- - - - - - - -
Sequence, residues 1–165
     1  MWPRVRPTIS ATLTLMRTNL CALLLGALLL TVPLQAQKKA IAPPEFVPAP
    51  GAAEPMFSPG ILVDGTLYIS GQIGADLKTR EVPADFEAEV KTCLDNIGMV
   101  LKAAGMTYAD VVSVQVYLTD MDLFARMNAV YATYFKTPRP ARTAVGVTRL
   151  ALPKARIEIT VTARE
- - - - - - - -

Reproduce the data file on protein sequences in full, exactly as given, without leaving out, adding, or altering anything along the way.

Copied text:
Sequence, residues 1–165
     1  MWPRVRPTIS ATLTLMRTNL CALLLGALLL TVPLQAQKKA IAPPEFVPAP
    51  GAAEPMFSPG ILVDGTLYIS GQIGADLKTR EVPADFEAEV KTCLDNIGMV
   101  LKAAGMTYAD VVSVQVYLTD MDLFARMNAV YATYFKTPRP ARTAVGVTRL
   151  ALPKARIEIT VTARE